SPREADING HELP

Kemri becomes regional lab for Covid-19

It will sequence genome of viruses collected from other African countries

In Summary

• The institute has joined a network of 12 specialised and regional reference laboratories that will provide sequencing, data analysis and other technical support services to countries that have no capacity.

• In Kenya, scientists reported early June they had successfully sequenced genomes of 122 samples.

KEMRI headquarters, Nairobi. /FILE
KEMRI headquarters, Nairobi. /FILE

Laboratories at the Kenya Medical Research Institute will now sequence the genomes of Covid-19 viruses collected from neighbouring countries in East Africa.

The institute has joined a network of 12 specialised and regional reference laboratories that will provide sequencing, data analysis and other technical support services to countries that have no capacity.

In East Africa, only Kenya and Uganda have the capacity to sequence the virus genome.

 
 

The network was launched by the World Health Organization (WHO) and the Africa Centres for Disease Control and Prevention (Africa CDC).

“As we continue to tackle the Covid-19 pandemic in Africa, being able to not only track its evolution but also assess the possible mutation of the virus is crucial to mounting an effective response,” said Dr Matshidiso Moeti, WHO Regional Director for Africa.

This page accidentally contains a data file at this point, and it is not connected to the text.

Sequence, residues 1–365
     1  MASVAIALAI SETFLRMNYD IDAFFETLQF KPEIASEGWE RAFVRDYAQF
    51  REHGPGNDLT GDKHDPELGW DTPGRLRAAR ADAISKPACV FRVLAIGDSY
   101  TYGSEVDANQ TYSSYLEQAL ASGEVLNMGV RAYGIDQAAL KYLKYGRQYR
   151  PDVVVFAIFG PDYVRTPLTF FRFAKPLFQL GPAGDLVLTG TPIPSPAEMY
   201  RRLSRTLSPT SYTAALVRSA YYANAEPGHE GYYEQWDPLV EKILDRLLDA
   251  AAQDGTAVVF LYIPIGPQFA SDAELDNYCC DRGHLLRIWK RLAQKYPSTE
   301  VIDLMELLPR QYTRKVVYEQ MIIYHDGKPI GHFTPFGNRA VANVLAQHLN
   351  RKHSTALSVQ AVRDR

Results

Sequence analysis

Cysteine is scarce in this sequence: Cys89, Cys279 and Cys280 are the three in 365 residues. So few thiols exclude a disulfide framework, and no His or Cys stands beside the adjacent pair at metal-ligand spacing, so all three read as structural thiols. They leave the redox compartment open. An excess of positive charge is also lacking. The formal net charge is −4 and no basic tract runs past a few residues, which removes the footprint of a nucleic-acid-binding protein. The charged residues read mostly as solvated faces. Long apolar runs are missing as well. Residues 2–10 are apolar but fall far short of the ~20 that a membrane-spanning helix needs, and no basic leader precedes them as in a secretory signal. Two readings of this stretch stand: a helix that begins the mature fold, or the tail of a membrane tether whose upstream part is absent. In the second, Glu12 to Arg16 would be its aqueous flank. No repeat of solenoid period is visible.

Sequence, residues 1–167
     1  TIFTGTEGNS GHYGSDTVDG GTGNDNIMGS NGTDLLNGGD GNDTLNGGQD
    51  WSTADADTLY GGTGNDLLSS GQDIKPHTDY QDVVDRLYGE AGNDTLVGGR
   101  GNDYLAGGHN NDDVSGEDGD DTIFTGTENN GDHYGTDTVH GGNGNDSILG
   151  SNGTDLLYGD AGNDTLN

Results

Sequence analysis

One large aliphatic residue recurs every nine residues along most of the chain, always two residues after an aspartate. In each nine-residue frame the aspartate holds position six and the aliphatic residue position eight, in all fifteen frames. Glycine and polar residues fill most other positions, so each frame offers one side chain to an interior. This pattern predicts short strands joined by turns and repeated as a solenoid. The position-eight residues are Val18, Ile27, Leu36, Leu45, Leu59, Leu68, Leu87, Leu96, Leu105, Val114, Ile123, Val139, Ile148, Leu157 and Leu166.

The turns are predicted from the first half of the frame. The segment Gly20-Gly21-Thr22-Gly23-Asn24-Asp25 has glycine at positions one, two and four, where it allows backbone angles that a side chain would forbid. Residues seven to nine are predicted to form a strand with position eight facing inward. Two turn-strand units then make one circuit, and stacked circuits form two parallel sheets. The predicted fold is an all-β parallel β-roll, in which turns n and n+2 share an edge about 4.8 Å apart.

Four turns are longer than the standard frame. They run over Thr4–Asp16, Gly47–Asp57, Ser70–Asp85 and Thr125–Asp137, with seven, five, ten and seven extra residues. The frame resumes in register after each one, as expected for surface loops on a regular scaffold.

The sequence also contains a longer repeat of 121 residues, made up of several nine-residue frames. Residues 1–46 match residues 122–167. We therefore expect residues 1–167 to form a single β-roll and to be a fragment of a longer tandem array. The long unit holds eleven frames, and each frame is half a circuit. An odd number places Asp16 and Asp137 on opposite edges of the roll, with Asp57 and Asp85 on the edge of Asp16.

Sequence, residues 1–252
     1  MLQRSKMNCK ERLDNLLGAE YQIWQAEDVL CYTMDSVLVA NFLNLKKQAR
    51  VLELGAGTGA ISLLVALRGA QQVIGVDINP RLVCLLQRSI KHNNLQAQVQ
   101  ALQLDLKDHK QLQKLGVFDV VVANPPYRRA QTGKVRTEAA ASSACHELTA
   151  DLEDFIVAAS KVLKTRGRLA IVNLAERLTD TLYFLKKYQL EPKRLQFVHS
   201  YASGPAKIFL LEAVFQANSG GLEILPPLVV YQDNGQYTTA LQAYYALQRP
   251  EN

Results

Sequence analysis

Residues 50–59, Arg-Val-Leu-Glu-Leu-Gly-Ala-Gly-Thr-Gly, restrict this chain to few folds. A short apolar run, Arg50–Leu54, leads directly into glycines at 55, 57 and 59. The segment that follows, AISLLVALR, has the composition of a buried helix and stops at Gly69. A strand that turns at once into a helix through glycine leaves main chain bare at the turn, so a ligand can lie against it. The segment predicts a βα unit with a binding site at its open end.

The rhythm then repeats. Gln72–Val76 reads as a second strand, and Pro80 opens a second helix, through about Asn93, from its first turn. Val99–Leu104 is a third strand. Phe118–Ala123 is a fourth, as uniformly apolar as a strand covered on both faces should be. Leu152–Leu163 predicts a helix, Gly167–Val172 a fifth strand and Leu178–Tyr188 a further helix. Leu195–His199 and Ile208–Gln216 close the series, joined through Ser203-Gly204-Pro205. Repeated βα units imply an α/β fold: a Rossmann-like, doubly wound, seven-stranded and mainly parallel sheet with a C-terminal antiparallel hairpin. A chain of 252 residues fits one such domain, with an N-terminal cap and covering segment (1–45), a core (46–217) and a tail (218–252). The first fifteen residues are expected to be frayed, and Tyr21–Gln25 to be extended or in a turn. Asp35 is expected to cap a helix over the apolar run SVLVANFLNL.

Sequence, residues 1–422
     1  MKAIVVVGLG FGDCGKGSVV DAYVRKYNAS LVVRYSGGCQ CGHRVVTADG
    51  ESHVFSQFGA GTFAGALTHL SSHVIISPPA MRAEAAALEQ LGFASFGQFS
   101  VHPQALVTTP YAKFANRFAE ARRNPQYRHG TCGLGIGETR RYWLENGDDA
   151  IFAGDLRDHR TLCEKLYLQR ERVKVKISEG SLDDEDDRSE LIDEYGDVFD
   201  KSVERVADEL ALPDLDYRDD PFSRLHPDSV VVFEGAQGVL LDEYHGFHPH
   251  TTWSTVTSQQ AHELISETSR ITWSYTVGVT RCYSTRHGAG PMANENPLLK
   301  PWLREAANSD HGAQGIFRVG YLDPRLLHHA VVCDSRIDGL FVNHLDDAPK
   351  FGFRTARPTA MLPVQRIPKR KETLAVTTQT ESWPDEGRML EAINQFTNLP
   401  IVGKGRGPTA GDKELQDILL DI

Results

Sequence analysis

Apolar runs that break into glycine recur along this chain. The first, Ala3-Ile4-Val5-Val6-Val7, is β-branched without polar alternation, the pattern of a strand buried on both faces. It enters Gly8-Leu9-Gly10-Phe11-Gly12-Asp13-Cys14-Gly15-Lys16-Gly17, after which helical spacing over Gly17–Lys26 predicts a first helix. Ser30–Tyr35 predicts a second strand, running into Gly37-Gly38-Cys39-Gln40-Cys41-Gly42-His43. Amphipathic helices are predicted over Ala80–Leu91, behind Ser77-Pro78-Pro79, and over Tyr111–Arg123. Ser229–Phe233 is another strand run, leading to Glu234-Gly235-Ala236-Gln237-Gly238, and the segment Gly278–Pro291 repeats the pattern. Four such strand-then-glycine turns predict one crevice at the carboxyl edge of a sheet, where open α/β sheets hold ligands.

“Through this new laboratory network dedicated to genome sequencing, we can better develop vaccines and treatment which are tailored to Africans and eventually bring Covid-19 under control.”

Ongoing sequencing is already providing crucial information for determining the type of SARS-CoV-2 lineage circulating in some countries.

It has shown that most of the SARS-CoV-2 genomes circulating in Africa are assigned to the B.1 lineage which emerged from the epidemic in Europe.

In Africa, 10 lineages have been identified and more than 80,000 sequences have been produced globally.  Grouping viruses from different countries into the same lineage or sub-lineage has indicated a linkage or importation of viruses between countries.

“As the Covid-19 pandemic curve flattens in Africa, we must be prepared for a possible resurgence as already observed in some countries. With genomic sequencing we can have a better understanding of the pandemic through more precise identification of transmission clusters,” said Dr John Nkengasong, Director of Africa CDC.

 
 

A total of 2,016 sequences from 18 countries – Algeria, Benin Republic, Cameroon, DRC, Egypt, Gambia, Ghana, Kenya, Madagascar, Mali, Morocco, Nigeria, Senegal, Sierra Leone, South Africa, Tunisia, Uganda, and Zambia – have already been generated.

In Kenya, scientists reported early June they had successfully sequenced genomes of 122 samples.

They indicated there were at least nine separate importations of SARS-CoV-2 into the country prior to April 30 based on a proportion of sequenced cases.

The report showed that SARS-CoV-2 viruses circulating in the country do not differ from viruses circulating elsewhere in the world and provided evidence for local transmissions in Mombasa county, with clusters of infections showing local transmission following these introductions.